Initial interest in the use of electronic noses as a non-destructive method to study the characteristics of fruits was shown by Benady et al. [81] who developed a sensing machine with a single semiconductor gas sensor in 1995, located within a small cup, placed on the surface of fruits of three different muskmelon cultivars. The instrument could discriminate between ripe and unripe fruits with an accuracy of 90.2%, and sort fruits into three ripeness categories (unripe, half-ripe and fully ripe) with an accuracy of 83%. The same research group worked on blueberries (the same year) to determine the variability in e-nose response among blueberry cultivars and to assess ripening stage and fruit quality (Simon et al.) [82].

Since these pioneering works, researchers have focused on developing and testing non-destructive sensorial techniques for the evaluation of the many and diverse characteristics and qualities of various fruits, particularly fruit maturity stages, shelf life and genotypic effects on aroma or bouquet characteristics. A comprehensive list of e-nose applications for characterizations and chemical discrimination of fruit volatiles for many fruit types is given in Table 3.

3.1. Apples and Pears

The fruit species receiving the most interest among e-nose researchers is apple (Malus domestica Borkr). Bai et al. [83] examined changes in the aroma profile on freshly-cut Gala apple slices treated with ethanol vapor, heat and 1-methylcyclopropene to prolong visual shelf-life. The FOX 4000 e-nose system (Alpha MOS, Toulouse, France) was utilized to assess aroma quality and the results demonstrated that pretreatments with ethanol and heat are effective in prolonging visual shelf life, but at the expense of aroma quality.

One of the main needs of fruits producers is to determine optimal picking date for different fruit types in order to assure the presence of preferred traits expected by consumers for maximum salability. Harvesting fruits at the optimal physiological condition results in fruits with the highest quality characteristics (aroma, firmness, color, flavor), and an extended shelf life. Fruit picked too early will not ripen sufficiently after storage and may suffer from physiological disorders, whereas those picked too late will be mealy and too soft following storage. Traditional techniques for assessing apple quality are destructive, requiring that only random samples are tested. For these reasons, electronic noses have been preferred for assessing the maturity stage of apples (at harvest) since 1999 to determine the optimal picking date. Hines et al. [88] first tested a prototype e-nose equipped with four commercial tin- oxide gas sensors on “Golden Delicious” apples to accurately classify fruit ripeness. The same year, Young et al. [98] worked on Gala apples, discriminating the ripening stage at harvest in four different classes. Saevels et al. [95] used the Technobiochip (Elba Island, Italy) Lybra Nose for predicting the optimal harvest date of apples as well as the cultivar effect on aroma of “Jonagold” and “Braeburn” varieties. The e-nose used in this study contained a sensor array based on Quartz Crystal Microbalance (QCM) sensors coated with metalloporphyrins and related compounds. Data were collected for two years and the results yielded a good predictive model developed for each cultivar based on one year of data, but a similar model based on two years of data was less effective at predicting optimal harvest dates.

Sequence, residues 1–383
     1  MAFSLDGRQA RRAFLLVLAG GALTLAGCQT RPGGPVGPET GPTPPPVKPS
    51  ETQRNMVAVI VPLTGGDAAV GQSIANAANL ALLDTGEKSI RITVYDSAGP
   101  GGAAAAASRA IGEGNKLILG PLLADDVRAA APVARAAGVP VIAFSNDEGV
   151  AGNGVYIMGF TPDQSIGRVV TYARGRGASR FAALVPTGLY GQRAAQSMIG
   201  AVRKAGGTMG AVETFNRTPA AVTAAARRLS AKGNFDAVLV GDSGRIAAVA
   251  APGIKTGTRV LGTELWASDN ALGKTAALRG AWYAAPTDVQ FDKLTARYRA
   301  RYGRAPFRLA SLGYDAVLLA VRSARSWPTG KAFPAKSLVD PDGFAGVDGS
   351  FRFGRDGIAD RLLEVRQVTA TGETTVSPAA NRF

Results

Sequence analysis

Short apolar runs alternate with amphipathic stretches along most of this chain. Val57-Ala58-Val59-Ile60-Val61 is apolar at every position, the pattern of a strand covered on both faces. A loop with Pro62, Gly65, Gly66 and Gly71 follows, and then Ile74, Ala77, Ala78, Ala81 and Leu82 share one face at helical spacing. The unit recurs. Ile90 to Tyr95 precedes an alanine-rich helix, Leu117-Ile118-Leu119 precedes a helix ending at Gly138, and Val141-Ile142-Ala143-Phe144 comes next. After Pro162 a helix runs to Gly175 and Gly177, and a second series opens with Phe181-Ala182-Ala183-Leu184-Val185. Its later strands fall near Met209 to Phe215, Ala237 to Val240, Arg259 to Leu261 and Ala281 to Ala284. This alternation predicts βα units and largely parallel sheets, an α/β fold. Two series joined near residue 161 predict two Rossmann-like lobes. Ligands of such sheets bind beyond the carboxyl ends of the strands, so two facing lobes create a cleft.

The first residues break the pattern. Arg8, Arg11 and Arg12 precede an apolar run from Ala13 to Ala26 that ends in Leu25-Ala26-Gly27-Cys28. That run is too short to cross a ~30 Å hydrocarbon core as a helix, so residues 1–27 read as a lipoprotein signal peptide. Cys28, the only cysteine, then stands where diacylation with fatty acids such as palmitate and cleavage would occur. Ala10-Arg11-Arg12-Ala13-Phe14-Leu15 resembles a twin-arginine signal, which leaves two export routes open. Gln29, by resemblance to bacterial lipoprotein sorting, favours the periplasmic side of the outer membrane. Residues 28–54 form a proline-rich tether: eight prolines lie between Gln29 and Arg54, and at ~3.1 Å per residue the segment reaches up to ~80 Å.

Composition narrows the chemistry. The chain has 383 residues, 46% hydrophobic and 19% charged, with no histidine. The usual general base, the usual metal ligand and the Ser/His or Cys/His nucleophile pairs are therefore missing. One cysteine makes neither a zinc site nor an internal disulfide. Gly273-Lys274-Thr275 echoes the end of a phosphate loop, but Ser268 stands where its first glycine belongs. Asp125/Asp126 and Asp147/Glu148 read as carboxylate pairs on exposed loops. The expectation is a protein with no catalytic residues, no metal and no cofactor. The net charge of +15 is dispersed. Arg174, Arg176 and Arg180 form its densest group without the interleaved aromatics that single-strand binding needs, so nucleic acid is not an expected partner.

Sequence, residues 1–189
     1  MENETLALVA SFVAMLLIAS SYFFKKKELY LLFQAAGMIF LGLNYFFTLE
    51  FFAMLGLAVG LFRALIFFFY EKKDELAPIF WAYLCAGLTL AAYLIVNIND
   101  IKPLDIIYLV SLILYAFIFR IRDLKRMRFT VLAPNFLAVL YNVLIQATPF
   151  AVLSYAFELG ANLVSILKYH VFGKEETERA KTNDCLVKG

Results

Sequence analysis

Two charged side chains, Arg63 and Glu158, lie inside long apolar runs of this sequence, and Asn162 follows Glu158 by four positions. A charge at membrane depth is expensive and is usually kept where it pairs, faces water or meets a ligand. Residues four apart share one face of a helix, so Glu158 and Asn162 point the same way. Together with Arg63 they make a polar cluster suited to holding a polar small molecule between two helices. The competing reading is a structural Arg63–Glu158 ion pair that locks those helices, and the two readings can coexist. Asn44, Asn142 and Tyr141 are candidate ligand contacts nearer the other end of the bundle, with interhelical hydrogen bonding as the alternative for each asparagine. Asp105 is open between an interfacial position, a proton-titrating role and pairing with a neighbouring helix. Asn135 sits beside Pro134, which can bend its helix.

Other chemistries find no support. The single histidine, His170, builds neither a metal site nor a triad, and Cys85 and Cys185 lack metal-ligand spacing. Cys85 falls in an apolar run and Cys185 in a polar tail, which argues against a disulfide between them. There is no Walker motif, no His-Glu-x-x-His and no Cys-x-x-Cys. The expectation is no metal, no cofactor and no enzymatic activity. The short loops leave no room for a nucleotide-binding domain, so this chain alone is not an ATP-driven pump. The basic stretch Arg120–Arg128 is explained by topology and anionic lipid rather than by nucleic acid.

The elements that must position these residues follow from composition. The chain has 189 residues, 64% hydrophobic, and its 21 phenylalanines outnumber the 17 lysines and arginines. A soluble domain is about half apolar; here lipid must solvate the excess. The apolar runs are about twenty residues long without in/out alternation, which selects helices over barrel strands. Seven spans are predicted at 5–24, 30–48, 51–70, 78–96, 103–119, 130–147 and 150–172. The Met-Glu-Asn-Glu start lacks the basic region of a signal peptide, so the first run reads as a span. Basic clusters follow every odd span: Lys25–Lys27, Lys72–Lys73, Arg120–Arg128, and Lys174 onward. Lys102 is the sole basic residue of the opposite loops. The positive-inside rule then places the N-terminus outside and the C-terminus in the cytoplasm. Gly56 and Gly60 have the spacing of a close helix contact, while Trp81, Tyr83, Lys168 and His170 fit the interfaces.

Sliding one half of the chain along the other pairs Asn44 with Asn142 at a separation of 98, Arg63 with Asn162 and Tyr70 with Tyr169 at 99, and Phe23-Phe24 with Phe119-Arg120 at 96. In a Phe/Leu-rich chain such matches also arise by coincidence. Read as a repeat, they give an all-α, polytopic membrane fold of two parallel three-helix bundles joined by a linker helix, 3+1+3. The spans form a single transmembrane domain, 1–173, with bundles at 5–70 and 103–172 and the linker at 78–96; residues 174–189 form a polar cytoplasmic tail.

Another commercial electronic nose (Cyranose 320, Cyrano Sciences Inc., Pasadena, CA, USA) was employed by Pathange et al. [93] to assess apple maturity for the apple cultivar “Gala”. This instrument could positively classify the fruits into three groups according to their maturity stage (immature, mature and over mature) with an accuracy of 83%. Brezmes et al. [8587] published several works on the assessment of apple ripeness. They initially worked on “Pink Lady” apples using a prototype e-nose equipped with 21 commercial tin oxide or Metal Oxide Semiconducting (MOS) sensors. The accuracy of e-nose classification of fruit maturity stage depended on the statistical classification technique used on e-nose data. PCA analysis did not show any clustering behavior that could be attributed to ripening, whereas a neural network classification algorithm provided good results. Brezmes et al. [85] could not determine the correct maturity stage of some apple cultivars, but had very good results on peaches and pears. More recently, Baumgartner et al. [84] showed very good results in discriminating the ripening stage of “Golden Delicious” apples, using a lesser-known Swiss e-nose (SMart Nose, SMart Nose SA, Marin-Epanier, Switzerland).

Of all commercial fruit species, apples rank highest with the largest number of experimental and commercial cultivars (including ancient, traditional and modern varieties) available in world markets. Apples have the greatest diversity of flesh and pericarp colors, flesh firmness, shelf life, and especially flavors and aromas. The cultivar effect, or variation in aroma characteristics or bouquet of apples, was studied by Marrazzo et al. [92] using a Cyrano Science prototype e-nose equipped with an array of 31 chemical sensors (Pasadena, CA, USA) to discriminate between “McIntosh”, “Delicious” and “Gala” apple varieties. This electronic-nose prototype discriminated between fruit-aroma classes (varieties) based on data from the first day after harvest when the cultivar effect on aroma was more intense for freshly-harvested fruits. A more difficult test was recently performed by Pruteanu et al. [94] who successfully employed a FOX 4000 e-nose to discriminate between seven different varieties of Romanian apples.